Scotland Summer 2023 (July-August)
During this summer, I had family vacations in Scotland.
Our trip started from Aberdeen with the first stop at Balmoral Castle. The Castle was nice, but the visit was very limited to one hall. We pushed slightly further to Royal Lochnagar to the visit the shop, where I could taste the nice Distillery Exclusive (NAS, £95) and the hand-filled from a sherry butt. Two very nice expression from a rather under distillery. Royal Lochnagar is not only a training center for distillery manager, but also education centre for Diageo and an important storage centre for Casks of Distinction.
|The Royal Lochnagar distillery, at proximity of the Balmoral castle|
On our way to the Hotel, we drove past Edradour which is closed for work. You cannot even access the site.
On the next day, I made a small tour at the Blair Athol distillery, which was more attractive than I remember. In one of the building, they have a bar made with an old mash tun. In the shop, the distillery exclusive was matured in different type of casks, including wine casks. The hand-filled was a 11 YO from an ex-red wine barrique.
|The Dalwhinnie Distillery|
From Pitlochry, our journey lead us to the Isle of Skye, with a stop at the Dalwhinnie Distillery and Eilean Donean Castle, before reaching the Island. At the distillery, they had a refill bourbon distillery exclusive, as well as a Hand-filled. The staff was very friendly and knowledgeable. Dalwhinnie is a whisky that I enjoy pretty much, but when I saw “rejunevated” on the cask for the hand-filled, my interest when down. Talking a local lady at the shop, I learned that the label on the cask was wrong. The current batch was from a sherry cask, which is pretty rare for Dalwhinnie. The first Dalwhinnie sherry from the Special Releases were very good whisky. Discussing about the Batch number from the Diageo Hand-filled, she explained me then, that the Hand-Filled are in fact single casks whiskies. However, due to the UK regulations, these whiskies cannot be called single casks, as the cask from which you draw the whisky to fill your own bottle is a different vessel from the cask the whisky is coming from. In that case, they could not fit a sherry butt on top of the installation. Thus, they are filling whisky from a single sherry butt into that vessel and refilling it, and repeating that operation until the butt is empty.
|The Talisker distillery on the Isle of Skye|
My last trip to Skye was almost 20 years ago and since then, the number of tourist has exploded. For example, to climb to the Old Man of Storr, the parking had a capacity of 5-6 cars, while now it can probably accommodate close to 100 hundred. The path was modified and made more accessible, with steps made of stones, a clear path and didactic signs. In terms of whisky experience, the tours of the Talisker Distillery were fully booked and I could only register for the new Talisker at the Made by the Sea Experience. The new Talisker visitor centre is very nice looking and modern, with a large shop and a well-supplied bar.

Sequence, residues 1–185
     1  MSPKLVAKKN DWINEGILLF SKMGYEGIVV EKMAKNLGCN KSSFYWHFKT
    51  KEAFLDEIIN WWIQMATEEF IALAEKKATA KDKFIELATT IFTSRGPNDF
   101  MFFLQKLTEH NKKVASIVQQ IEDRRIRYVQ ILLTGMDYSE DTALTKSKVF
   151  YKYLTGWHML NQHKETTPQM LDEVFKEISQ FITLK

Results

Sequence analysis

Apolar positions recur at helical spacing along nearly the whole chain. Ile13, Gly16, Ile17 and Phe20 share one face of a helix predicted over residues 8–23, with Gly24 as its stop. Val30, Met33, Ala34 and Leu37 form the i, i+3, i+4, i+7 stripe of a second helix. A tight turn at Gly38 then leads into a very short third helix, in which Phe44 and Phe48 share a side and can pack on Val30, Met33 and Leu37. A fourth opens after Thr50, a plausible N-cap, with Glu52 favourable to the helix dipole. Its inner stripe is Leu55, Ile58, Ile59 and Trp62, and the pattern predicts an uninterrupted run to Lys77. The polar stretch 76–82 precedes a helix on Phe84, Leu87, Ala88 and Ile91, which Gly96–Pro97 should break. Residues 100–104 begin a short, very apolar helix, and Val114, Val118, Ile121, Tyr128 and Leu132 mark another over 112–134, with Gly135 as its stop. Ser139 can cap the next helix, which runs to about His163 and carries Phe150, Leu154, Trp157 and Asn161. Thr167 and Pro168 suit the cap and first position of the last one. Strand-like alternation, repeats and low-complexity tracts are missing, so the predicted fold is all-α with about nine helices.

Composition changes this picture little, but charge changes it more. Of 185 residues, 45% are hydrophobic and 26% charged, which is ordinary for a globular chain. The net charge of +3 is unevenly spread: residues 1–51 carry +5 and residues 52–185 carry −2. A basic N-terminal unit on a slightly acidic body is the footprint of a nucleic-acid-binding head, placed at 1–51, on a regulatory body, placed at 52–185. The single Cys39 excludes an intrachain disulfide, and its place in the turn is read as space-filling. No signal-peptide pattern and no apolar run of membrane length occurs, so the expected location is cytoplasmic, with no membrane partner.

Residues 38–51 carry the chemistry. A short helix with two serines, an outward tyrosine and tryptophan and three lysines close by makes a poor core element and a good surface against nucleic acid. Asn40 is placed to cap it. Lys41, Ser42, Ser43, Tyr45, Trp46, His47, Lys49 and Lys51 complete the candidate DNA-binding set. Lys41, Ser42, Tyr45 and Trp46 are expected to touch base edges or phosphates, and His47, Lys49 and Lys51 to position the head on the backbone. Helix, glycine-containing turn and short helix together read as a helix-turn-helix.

The tour was £15 for a 30-min presentation, including the tasting of 3 Talisker, the 10 YO, The Skye and the new Parley matured partially in ex-cognac casks. Children are allowed at the price of £7.50, but they received only a half filled glass of tap of water with nothing else. The video is rather promotional, highlighting the origin of the whisky. Considering the offer and the duration, this was the worst value tour we experienced during our trip. Offering some oak crackers and a juice to the children would positively improve that impression.
I tasted there the 27 YO Talisker Distillery Exclusive, which left me with a very good impression, mellow, complex, slightly peaty and maritime.
|The Torabhaig distillery on the South shore of Skye|
On the next day, I visited the Torabhaig distillery owned by Mossburn. Located on the South side of the Isle, the distillery is located close to the ruins of an old castle and built in an old listed farm. Thus, the distillery had to adapt to the buildings, making the distillery rather compact. Never the less, it is a very nice looking distillery with a nice view on the sea.
The tour was nice and ended up with the tasting of 2 expressions from the distillery. The price was fair, with £12 per adult and free for children over 13 years, but was rather expedited. It was 45 min long and you do not have much time to savour your drams, before you are asked to leave the tasting room. The café offers some nice light lunches.
|The Lighthouse distillery at Glenomorangie.|
After a couple of days on Skye, we drove North towards Orkney, with a small detour via the Loch Ness. We made a short stop to Balblair which was unfortunately closed on that Sunday. At Glenmorangie, I could see the new Lighthouse distillery. The distillery exclusive was a single cask with no age statement going for £495. Some former distillery exclusives were also for sale in a cabinet, including a 14 YO single cask going for the same price.